Thursday 21 November 2013

India's Onion Crisis.

We've all heard about the rise in price of onions in India; it has, apparently, quadrupled over the last month. A disaster both domestically and politically.

My own small home-grown stock, above, amounts to about 15 kilos, but is not an essential part of my diet. However in India the price, and availability, of onions is as important as eating itself.

Onions seem to be used in most Indian savoury recipes, but they are also an important food-stuff in their own right. I had always previously understood that 'Rice and Dahl' was the staple food of India's 'less-fortunate', but I'm now told that 'Rice and Onions' is far more common.

So, what has caused this problem. As with Ireland's famous 1850's 'potato famine', the problem is not that there aren't any onions (or potatoes in Ireland's case), it's that greedy merchants have found more lucrative markets, and are taking advantage of increased profits elsewhere.

In Ireland there was plenty of grain and other foods to replace the infamous blighted potato crop, and feed the nation; but the rich Irish and British landowners/merchants preferred to export to both mainland Europe and Britain itself, where they commanded much higher prices.

In India's case, I believe that the Indian 'Onion merchants' are exporting to the Middle East, where money is probably never in short supply.

p.s. I've just heard on the radio that India now has a chronic sugar shortage (which in their case is probably not such a bad thing). Let's just hope that rice doesn't follow the same disastrous course.

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  1. I didn't know this ~ so thank you for bringing it to my attention.

  2. onion crisis? I never even knew that India grew onions let alone had a crisis - unfortunately I have a crisis of my own, mine are all suffering from rot

  3. A person wouldn't starve without onions, but might without rice. The Irish potato famine is one of the most shameful periods in human history, so many killed by greed.
    One wonders what would happen to us if the arabs decided to sell all their petrol to the Chinese. Remembering the petrol crisis of only a few years ago, our the local Spa shop ran out of virtually everything edible in two days as people decided to conserve their fuel and shop locally.
    It's a scary thought, but we still live on a knife edge, at the mercy of wealthy, greedy merchants.
    (I was going to start my diet today, but I think I'll have an extra bowl of porridge, just in case........)

  4. No, I haven't heard this either - it's probably been overshadowed by the rocket to Mars launch. You cannot make good dahl without onions anyway, and if they want more sugar (India has a drastically high level of diabetes, btw), then Cuba has a spare few million tons to give them.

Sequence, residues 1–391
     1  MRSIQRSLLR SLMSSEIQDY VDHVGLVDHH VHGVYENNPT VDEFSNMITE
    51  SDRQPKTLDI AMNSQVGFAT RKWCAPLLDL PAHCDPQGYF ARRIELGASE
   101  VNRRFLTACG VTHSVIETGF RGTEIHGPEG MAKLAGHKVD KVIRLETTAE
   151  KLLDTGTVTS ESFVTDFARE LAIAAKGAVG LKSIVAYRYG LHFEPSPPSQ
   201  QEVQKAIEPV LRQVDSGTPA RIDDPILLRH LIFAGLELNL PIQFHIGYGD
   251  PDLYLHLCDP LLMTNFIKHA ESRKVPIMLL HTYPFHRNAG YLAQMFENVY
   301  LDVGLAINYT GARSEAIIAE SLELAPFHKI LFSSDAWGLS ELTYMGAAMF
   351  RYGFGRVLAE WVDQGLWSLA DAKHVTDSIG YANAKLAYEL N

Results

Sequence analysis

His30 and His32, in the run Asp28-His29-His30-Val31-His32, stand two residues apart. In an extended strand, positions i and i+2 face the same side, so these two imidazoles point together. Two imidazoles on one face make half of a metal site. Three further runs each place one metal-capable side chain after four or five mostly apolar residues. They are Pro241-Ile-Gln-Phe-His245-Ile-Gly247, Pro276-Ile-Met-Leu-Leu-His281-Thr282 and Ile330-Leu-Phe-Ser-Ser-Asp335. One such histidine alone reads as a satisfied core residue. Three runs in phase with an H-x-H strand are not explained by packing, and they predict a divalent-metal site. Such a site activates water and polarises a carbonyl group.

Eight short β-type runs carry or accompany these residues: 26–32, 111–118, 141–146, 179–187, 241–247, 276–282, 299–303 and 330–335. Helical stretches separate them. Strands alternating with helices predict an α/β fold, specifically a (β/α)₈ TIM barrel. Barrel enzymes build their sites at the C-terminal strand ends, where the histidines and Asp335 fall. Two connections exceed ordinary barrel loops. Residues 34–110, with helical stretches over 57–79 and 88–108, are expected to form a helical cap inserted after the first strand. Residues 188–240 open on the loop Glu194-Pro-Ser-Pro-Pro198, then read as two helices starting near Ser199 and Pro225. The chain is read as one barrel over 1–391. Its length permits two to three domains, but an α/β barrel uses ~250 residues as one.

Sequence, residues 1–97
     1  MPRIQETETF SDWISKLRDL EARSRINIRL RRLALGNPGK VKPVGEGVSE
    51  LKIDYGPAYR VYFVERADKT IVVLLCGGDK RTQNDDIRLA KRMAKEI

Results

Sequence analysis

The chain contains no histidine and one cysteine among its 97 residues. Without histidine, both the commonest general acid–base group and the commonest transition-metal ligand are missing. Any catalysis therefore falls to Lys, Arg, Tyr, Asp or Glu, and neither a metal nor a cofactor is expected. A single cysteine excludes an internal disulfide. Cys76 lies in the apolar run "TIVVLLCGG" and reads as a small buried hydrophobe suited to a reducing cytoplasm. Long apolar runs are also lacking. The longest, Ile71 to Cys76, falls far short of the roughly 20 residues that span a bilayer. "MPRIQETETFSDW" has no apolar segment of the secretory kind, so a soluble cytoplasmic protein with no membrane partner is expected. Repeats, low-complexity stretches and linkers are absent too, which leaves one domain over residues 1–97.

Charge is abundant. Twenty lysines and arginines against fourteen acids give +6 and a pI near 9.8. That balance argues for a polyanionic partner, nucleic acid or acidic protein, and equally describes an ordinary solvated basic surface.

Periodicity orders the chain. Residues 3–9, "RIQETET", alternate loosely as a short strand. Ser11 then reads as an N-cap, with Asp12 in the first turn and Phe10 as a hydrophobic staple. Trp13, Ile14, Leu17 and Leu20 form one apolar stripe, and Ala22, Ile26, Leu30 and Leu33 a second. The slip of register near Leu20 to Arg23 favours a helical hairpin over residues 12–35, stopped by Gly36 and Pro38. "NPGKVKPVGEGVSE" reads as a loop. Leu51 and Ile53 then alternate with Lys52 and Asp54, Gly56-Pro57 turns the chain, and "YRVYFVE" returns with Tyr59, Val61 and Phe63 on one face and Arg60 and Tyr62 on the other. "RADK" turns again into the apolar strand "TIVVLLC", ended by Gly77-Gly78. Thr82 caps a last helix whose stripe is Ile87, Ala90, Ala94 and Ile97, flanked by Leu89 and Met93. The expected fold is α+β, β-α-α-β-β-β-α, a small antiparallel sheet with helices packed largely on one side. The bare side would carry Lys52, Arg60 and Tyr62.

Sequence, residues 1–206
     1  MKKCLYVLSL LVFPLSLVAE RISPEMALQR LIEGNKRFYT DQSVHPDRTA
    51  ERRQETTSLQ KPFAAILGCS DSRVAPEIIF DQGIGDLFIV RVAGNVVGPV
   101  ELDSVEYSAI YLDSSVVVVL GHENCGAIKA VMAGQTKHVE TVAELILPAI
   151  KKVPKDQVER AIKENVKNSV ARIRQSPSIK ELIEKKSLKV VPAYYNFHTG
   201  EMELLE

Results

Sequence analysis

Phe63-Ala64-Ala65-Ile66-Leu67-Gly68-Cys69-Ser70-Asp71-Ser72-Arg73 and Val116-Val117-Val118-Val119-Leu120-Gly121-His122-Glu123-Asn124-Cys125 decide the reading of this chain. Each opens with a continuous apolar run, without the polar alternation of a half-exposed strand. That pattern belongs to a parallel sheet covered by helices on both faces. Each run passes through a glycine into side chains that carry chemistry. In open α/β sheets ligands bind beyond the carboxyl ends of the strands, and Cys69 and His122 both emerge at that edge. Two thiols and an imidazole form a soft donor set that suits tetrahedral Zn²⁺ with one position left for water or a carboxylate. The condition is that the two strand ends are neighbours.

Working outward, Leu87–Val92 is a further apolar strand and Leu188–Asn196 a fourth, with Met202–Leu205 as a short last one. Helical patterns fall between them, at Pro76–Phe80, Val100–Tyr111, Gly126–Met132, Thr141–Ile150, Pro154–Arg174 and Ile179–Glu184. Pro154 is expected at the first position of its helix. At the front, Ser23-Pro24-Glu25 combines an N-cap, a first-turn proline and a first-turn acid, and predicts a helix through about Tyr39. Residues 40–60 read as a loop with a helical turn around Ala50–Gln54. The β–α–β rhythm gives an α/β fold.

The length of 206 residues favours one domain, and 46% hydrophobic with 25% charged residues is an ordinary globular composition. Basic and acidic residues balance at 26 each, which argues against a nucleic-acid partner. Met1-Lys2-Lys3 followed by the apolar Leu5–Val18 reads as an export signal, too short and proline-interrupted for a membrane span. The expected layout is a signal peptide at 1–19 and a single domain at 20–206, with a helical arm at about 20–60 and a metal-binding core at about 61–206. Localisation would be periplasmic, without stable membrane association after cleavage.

1. The Indians make Tea by filling a cup with sugar, then adding a couple of Tea leaves, and a splash of hot water. Those who take milk add a tin of condensed milk.

  5. I was trying to think of what the equivalent disaster would be here in Canada....we are heavy grain users so maybe a wheat failure?

  6. as a veggie, all my meals start off with loads of onion (and garlic!) I would hate to be short of onions here in Somerset!

  7. One is reminded of Marie Antoinette and the infamous 'let them eat cake'. Surely they could adapt to lack of onions one would think and yet old habits die hard.

  8. I can't imagine being without terrible!

  9. We would be in hell in this house with out onions!

    When we were in Mumbai to close a call centre (you don't hear that often), we went to one of the managers homes. All vegetarian food, I had the most amazing lotus (meat)ball massalla. And to thicken the sauce and make it silky, they used slightly caramalised onions pureed with yoghurt. I can taste it now. God that food was from heaven.

  10. It seems like such a strange thing to run short of... it's not as though they are hard 'nnto grow!

  11. There's going to be a world shortage of onion bhajis!!!!

    'Kin 'Ell!

  12. I'd not heard of the onion crisis, either. I use them in fits and starts, although more in winter as i make more stews and soups in colder weather, and onions are a welcome addition. I would miss them if i had to stop using them entirely, but nowhere close to the extent of those for whom this is a staple.

  13. Watching the title of this post, I thought of pointing out about the greedy businessmen and all, but you did a far greater job than what I could have. I didn't know Ireland's potato famine was similar.

    The current sugar problem is what newspapers call "cyclicity" or something. Every few years, prices of sugarcane rise too high, and every few years they come too low.

  14. I can't imagine an onion shortage! And they use so much onion in Indian cuisine. :(


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